How’s your customer experience?

How’s your small business’ customer experience? Your business’ ability to deliver a positive experience – whether in one transaction or over a long period of time – sets you apart in the customer’s mind. Research shows that customers do business with companies they like, so the more positive experiences a customer has with your business, the better! You probably think highly of the customer experience you experience with your own favourite businesses, and it’s a good bet that it’s part of the reason you keep coming back.

Defining the customer experience (CX)

To define your customer experience, understand what your customers want and need. The best way to find this out is to ask, through primary market research. Make sure you know what customers are looking for, what their pain is, what’s missing, how you can solve their problems, and where you can fill a gap in the marketplace.

Once you know what your customers need, you can visualize the best ways to satisfy those needs through customer experience. Start by putting yourself in your customer’s shoes – revisit our earlier posts about the Empathy Map here and here to get started.

Delivering a great customer experience

Once you’ve got a good handle on what your customers really want and need from you, it’s time to deliver on that experience. Then, ask the customer if they had the experience you wanted them to have. A Harvard Business School study of large companies in the US found that over 70% of business executives believed their companies delivered a good customer experience. However, when the researchers asked the customers of those businesses, the story was quite different. Only 8% of customers felt they had the experience they were looking for. Not good!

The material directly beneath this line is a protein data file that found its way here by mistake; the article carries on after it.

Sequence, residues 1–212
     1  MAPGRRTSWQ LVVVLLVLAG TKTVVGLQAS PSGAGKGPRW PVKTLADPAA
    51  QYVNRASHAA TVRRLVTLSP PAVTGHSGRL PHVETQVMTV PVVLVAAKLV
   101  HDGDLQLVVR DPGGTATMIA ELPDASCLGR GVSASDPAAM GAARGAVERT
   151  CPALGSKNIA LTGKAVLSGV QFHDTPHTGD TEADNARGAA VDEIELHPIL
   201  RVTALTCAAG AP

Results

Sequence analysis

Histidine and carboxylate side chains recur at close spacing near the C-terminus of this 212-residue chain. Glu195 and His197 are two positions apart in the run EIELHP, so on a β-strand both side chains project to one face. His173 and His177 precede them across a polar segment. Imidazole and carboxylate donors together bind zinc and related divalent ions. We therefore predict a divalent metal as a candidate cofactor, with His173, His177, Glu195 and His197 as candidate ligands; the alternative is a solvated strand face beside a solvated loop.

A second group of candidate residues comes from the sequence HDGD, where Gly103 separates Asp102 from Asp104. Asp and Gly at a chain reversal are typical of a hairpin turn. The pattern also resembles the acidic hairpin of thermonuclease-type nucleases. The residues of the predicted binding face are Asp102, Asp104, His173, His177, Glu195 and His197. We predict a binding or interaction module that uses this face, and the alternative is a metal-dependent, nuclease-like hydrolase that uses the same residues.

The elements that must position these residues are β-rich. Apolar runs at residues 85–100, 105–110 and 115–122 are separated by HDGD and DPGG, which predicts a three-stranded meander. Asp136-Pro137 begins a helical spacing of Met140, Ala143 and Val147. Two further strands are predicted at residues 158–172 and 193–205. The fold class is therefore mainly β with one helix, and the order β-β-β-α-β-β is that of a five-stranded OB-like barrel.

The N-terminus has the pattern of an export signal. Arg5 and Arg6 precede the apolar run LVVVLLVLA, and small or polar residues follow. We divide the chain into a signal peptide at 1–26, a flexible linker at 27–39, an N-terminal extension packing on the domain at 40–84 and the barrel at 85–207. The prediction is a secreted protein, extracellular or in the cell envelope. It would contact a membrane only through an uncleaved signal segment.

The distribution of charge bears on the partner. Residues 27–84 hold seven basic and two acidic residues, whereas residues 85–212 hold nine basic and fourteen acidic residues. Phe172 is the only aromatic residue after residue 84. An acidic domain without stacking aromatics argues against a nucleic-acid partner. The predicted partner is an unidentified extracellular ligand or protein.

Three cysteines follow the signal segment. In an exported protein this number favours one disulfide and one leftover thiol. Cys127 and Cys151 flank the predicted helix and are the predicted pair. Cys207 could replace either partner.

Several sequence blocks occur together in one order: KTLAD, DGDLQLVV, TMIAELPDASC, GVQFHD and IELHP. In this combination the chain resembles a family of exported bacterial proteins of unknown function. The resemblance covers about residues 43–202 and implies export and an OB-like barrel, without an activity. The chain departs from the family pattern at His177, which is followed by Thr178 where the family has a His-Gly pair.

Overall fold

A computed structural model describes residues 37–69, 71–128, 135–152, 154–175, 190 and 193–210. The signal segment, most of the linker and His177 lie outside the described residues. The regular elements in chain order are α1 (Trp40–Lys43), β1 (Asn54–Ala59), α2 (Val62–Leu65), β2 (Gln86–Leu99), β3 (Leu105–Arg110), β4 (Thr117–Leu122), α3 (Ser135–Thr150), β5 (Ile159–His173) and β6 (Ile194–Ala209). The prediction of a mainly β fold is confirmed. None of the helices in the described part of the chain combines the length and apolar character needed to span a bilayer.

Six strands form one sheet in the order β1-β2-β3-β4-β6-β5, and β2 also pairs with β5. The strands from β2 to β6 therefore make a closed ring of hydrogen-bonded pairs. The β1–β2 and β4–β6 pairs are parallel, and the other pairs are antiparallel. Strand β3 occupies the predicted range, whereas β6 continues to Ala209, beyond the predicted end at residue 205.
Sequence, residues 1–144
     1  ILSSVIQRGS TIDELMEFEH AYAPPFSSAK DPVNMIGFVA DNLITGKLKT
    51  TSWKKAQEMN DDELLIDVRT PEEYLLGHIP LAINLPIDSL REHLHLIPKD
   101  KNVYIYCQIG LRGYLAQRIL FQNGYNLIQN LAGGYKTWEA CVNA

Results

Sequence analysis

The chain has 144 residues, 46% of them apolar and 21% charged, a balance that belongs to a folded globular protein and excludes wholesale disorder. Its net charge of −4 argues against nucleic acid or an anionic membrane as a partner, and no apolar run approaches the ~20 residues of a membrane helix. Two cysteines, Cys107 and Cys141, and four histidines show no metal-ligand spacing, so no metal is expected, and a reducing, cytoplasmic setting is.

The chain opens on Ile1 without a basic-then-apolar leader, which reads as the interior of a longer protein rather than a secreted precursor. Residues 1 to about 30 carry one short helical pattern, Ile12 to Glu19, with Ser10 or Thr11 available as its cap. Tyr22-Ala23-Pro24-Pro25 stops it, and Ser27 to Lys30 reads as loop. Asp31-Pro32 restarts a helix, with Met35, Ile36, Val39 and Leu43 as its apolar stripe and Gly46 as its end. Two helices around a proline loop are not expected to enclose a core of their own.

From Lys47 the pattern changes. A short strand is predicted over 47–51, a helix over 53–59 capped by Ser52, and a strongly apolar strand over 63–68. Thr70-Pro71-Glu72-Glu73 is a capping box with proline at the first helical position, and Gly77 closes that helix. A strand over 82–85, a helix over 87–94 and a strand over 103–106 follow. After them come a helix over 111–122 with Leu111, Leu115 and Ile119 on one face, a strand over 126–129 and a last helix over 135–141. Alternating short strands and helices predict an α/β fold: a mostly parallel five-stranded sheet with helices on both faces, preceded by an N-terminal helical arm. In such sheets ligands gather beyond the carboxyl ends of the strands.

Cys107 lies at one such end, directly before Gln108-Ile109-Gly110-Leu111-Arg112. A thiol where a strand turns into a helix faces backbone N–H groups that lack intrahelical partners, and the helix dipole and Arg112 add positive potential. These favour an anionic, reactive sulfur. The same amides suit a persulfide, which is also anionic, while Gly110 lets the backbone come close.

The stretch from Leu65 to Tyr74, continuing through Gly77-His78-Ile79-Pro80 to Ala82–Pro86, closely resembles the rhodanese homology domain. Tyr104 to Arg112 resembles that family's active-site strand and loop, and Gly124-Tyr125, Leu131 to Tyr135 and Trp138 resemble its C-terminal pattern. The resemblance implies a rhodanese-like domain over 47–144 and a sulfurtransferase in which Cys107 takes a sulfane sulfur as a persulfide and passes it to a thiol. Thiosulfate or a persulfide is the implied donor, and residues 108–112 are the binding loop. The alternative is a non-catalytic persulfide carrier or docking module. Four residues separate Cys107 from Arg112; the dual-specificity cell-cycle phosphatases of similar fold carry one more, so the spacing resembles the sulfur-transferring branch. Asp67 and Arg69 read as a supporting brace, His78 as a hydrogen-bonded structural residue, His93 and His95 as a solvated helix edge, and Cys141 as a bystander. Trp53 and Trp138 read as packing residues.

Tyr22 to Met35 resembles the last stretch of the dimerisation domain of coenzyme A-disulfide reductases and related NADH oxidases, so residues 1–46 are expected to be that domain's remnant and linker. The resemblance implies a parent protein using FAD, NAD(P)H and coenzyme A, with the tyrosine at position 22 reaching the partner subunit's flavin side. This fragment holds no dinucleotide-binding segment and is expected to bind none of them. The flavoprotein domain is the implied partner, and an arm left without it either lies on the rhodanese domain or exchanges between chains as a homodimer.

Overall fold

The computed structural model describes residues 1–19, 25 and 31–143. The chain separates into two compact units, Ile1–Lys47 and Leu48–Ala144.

Why the difference? To us, it seems like the big companies weren’t communicating with their customers — either they were designing the wrong customer experience, or they weren’t delivering the experience properly. In any case, the customer walked away with a less than positive impression and the business loses future sales potential.

So, how do you measure customer satisfaction?

How to measure customer satisfaction

Try one or more of these common metrics to help you measure your small business’ customer satisfaction.

Net Promoter Score (NPS): The NPS is an index that ranges from -100 to 100 that indicates how willing a customer is to recommend a company’s products or services to others. It divides customers into three categories: Promoters (loyal + satisfied), Passives (satisfied + unenthusiastic), and Detractors (unsatisfied + unenthusiastic).

First Contact Resolution (FCR): FCR gives an indication of how well you resolve customers’ support requests the first time by tracking the number of interactions in a case. Tracking your FCRs helps you see what you can do to keep the average number of interactions low.

Customer Satisfaction Score (CSAT): CSAT is the average score awarded to your brand according to customer answers on a survey. Small businesses use CSAT scores to determine how satisfied customers were with specific products or services.

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break even analysis

How’s your brand experience?